You can take a scenic walk down from the Plains of Abraham, following the Governor’s Promenade, down to Dufferin Terrace. The Governor’s Promenade is a walkway built into the side of the cliff along the City connecting the Plains of Abraham to Dufferin Terrace.

Rue Saint-Jean

Rue Saint-Jean, one of the main thoroughfares, is bustling with activity, shops, and restaurants. One of our favorites haunts, especially for breakfast, was Café-Boulangerie Paillard where we consumed way too many cafés and croissants! Fortunately, we got plenty of exercise wandering the streets of Old Québec.


Café-Boulangerie Paillard



Lower Town

The Funicular 

Walk or take the funicular down to the Petit-Champlain district (Quartier Petit Champlain). I recommend walking down and taking the funicular back up.


The Funicular to Lower Town


Whichever way you decide to go just make sure you don’t slip and fall on Breakneck Steps! City architect and engineer Charles Baillairgé designed this iron stairway which was built on the site of the original 17th-century stairway that linked Upper Town to Lower Town. There are 59 steps in the present day stairway, and shops and restaurants at various levels.

Breakneck Steps

Breakneck Steps (L’Escalier Casse-Cou)


The quaint Petit-Champlain district (Quartier Petit-Champlain), below the funicular, is lined with bistros and boutiques. We had lunch at Bistro Sous Le Fort so that we could take in the old world charm and people watch.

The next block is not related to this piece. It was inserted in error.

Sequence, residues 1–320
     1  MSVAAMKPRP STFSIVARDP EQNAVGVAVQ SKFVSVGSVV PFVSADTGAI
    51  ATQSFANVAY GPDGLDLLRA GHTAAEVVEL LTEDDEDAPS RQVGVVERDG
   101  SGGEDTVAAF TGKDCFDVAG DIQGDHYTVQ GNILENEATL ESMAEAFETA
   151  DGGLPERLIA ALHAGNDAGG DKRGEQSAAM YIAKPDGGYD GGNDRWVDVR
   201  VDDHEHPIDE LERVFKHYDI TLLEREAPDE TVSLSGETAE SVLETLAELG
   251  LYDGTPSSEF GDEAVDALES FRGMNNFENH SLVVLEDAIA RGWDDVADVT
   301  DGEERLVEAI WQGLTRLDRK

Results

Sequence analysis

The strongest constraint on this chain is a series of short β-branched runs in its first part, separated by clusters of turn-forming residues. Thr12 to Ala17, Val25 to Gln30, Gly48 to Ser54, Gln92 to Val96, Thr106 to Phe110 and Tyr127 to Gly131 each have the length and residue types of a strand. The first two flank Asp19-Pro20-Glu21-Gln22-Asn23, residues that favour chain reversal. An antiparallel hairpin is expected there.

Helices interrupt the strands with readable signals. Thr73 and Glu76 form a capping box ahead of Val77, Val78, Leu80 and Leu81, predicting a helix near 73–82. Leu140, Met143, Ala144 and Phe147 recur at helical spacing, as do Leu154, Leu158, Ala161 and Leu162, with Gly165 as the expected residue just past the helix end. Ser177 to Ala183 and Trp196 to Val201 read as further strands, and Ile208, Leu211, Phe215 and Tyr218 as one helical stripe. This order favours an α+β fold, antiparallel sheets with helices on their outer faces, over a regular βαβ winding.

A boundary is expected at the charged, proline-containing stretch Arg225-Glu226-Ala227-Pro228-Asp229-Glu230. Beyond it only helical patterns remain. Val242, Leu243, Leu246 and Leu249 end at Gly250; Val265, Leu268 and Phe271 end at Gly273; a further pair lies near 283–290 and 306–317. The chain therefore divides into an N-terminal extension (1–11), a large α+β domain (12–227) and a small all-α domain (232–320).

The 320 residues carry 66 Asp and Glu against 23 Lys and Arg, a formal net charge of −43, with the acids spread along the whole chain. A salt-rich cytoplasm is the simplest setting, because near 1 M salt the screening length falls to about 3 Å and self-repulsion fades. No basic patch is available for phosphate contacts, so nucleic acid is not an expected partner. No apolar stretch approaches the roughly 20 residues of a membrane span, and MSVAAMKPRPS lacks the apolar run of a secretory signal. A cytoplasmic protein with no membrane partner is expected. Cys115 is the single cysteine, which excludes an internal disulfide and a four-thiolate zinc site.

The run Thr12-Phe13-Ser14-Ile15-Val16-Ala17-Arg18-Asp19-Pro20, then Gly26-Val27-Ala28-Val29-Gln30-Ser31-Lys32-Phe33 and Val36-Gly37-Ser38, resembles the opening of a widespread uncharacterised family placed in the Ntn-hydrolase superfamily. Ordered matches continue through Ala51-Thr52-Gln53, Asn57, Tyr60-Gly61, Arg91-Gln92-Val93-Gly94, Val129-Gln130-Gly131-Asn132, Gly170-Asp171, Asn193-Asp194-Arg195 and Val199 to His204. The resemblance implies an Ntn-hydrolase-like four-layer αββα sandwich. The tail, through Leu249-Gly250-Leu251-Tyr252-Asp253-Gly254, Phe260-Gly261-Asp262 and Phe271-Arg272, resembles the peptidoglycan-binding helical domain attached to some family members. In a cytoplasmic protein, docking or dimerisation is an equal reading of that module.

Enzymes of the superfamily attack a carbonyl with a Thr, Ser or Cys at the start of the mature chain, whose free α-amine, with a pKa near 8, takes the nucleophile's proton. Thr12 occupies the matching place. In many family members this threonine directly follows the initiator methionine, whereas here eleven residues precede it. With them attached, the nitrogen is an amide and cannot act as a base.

Bistro Sous le Fort

Place Royale

This picturesque plaza is the heart of Québec City. It is here that French explorer Samuel de Champlain, founded the settlement in 1608. It was later abandoned for the safer, better fortified area of Upper Town.


Église Notre-Dame-des-Victoires

Église Notre-Dame-des-Victoires

Église Notre-Dame-des-Victoires is Québec’s oldest stone church, built in 1688


Place Royale


The Québécois Frescoe / Le Fresque des Québécois


Lower Town is known for its ubiquitous art galleries and antique shops. Strolling along, you never know what surprises you might find.


Ferry to Lévis

Take the ferry to Lévis, crossing the St. Lawrence River, for the beautiful view of the Québec City skyline, with the Château Frontenac towering high on the cliff.

View from the Ferry to Lévis, across the river from Québec City.

Fun FactThe Saint Lawrence River and Seaway System provides the primary drainage of the Great Lakes Basin. Québec City sits at the confluence of the St. Lawrence and St. Charles Rivers. Just north is Île d’Orléans where the St. Lawrence River begins to widen until spilling into the Gulf of St. Lawrence and eventually the North Atlantic Ocean.

Old Port 

The Old Port (Vieux Port) dates back to the 17th century when ships brought supplies and settlers to the new colony. It became a bustling port and trade center, flourishing during British rule due in part to the fur-trading (ugh), fishing, shipbuilding, and the timber industries.

Now, the Old Port is bustling with Cruise ship activity, especially during Autumn, the city’s busiest season.

The Old Port

Wander the streets of Quebec City

If you happen to forget your guidebook, smartphone or lose your map, Quebec city is a wonderful place in which to just wander around and get lost.





Yes, Québec City, I remember you and I miss you! I would like to return in the Fall for the spectacular colors, and in Winter for the famous Québec Winter Carnival (Carnaval de Québec). Until then, Au Revoir!


Places to Stay

We stayed at the Château. Well, not that Château, but at the quaint, Hôtel Château Bellevue. While the rooms were quite small, it was ideally located, only a short walk to Fairmont Le Château Frontenac. There is also a park, Governors’ Garden, in front of the hotel, and beyond it is the Dufferin Terrace.